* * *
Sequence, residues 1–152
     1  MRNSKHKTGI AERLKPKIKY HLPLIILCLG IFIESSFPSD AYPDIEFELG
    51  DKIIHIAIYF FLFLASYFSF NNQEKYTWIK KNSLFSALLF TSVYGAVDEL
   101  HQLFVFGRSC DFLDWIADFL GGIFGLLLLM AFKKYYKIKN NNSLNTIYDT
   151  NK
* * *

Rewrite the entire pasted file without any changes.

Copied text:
Sequence, residues 1–152
     1  MRNSKHKTGI AERLKPKIKY HLPLIILCLG IFIESSFPSD AYPDIEFELG
    51  DKIIHIAIYF FLFLASYFSF NNQEKYTWIK KNSLFSALLF TSVYGAVDEL
   101  HQLFVFGRSC DFLDWIADFL GGIFGLLLLM AFKKYYKIKN NNSLNTIYDT
   151  NK